Hurco Cos. Inc. is poised to boost sales in the United States after rolling out several new products and posting a 41-percent profit surge in fiscal 2012—driven by strong results in the tough European market.
The company, which develops computer-controlled equipment for cutting and forming metal, has gone so far as to reel a handful of its foreign jobs back to this country. The shift is aimed at simplifying research and development and reducing distribution costs as Hurco focuses on customers closer to its Indianapolis home.
Hurco, headquartered near West 71st Street and Georgetown Road, earned $15.6 million on $203 million in revenue in the 2012 fiscal year, which ended Oct. 31.
The company continued to make headway toward restoring profitability to pre-recession levels. It posted profit of $22.5 million in fiscal 2008, before tumbling to a $5.7 million loss in 2010.
The fiscal fourth quarter was especially strong, with a 54-percent profit increase driven largely by the unveiling of five new types of machinery at a September trade show.
The company’s stock has picked up since the Jan. 11 year-end earnings report. Shares closed the day before at $24.05. By Jan. 24, they were trading at nearly $29.
It’s been a wild ride for investors longer term. Hurco stock spiked to more than $28 in April 2011, only to slide below $20 the following June.
Greg Volovic, Hurco’s executive vice president of operations, technology and North American sales, said he expects growth in fiscal 2013 but would not discuss specific forecasts.
He said the product launch, which happened at the International Manufacturing Technology Show in Chicago, will drive earnings.
“The rebranding strategy was taking a 40-year-old brand and trying to show an industry that we are at the forefront of what our products provide,” Volovic said. “We wanted to refresh it and create an awareness.”
Hurco hopes that higher awareness extends into the United States.
North America accounted for just 30 percent of 2012 sales while Europe was responsible for 59 percent. Asia and the Pacific made up the remaining 11 percent.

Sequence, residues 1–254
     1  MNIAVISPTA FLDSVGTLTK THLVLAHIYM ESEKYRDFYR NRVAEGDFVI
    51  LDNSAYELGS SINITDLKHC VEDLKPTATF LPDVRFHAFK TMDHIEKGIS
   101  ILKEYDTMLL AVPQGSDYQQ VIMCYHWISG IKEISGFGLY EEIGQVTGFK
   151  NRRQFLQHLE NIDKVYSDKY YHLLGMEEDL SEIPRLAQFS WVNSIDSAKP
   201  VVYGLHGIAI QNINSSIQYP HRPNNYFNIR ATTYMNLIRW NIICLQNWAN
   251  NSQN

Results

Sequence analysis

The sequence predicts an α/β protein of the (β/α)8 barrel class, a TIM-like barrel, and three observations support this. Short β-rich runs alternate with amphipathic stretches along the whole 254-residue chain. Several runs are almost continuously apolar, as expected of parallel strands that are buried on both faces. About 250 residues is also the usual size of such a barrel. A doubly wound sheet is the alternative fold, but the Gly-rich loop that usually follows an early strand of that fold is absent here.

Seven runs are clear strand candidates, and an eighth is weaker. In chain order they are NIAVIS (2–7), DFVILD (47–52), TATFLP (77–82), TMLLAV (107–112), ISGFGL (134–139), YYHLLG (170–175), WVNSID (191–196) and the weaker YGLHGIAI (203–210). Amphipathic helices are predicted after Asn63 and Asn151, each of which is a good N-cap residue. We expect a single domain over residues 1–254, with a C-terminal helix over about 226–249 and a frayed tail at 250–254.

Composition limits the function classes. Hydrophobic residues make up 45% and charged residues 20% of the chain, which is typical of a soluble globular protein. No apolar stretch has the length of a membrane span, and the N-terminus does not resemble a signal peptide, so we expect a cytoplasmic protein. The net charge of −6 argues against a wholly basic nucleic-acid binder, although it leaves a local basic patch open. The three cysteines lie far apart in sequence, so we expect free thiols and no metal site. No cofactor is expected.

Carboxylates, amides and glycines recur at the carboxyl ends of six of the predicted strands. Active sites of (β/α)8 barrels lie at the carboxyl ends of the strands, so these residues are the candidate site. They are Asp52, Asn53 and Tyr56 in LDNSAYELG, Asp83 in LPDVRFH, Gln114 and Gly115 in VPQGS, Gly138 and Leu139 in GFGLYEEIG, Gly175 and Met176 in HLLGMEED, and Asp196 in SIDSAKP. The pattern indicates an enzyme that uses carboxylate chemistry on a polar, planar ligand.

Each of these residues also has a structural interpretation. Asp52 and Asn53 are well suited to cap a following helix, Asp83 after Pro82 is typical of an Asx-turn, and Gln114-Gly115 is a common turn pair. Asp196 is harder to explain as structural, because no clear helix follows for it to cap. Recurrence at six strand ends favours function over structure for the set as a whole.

European sales grew 7 percent from the previous year despite the continent’s well-publicized economic troubles.
Volovic said the improvement was possible because most of Hurco’s European customers are in Germany and the United Kingdom, which have weathered the financial troubles better than their neighbors.
Overseas companies also are benefiting from a glut in demand after manufacturers held off on investing in equipment upgrades for several years, said Tom Brush, a professor of management at Purdue University’s Krannert School of Management.
“They haven’t had any investments in five, six, seven years, and [Hurco’s] recovering the sales that they were getting pre-downturn,” Brush said.
With sales stabilizing in the key market of Europe, Hurco is turning much of its attention to boosting itself in the U.S market, which generated $60.5 million in revenue last year.
“In the past, we’ve focused so much on global growth that we haven’t focused on our own back yard,” Volovic said.
More U.S. customers could mean adding jobs to the existing 100 positions in Indianapolis. Most of those jobs are administrative or in R&D.
Brush said on-shoring reduces delays between products’ R&D and when they can hit the market because labs and factories are closer together. It also cuts back the risk of communication errors.
“There’s a general argument that some people make that certain nodes of the network can be brought back, he said, and it has to do with more than just costs.”•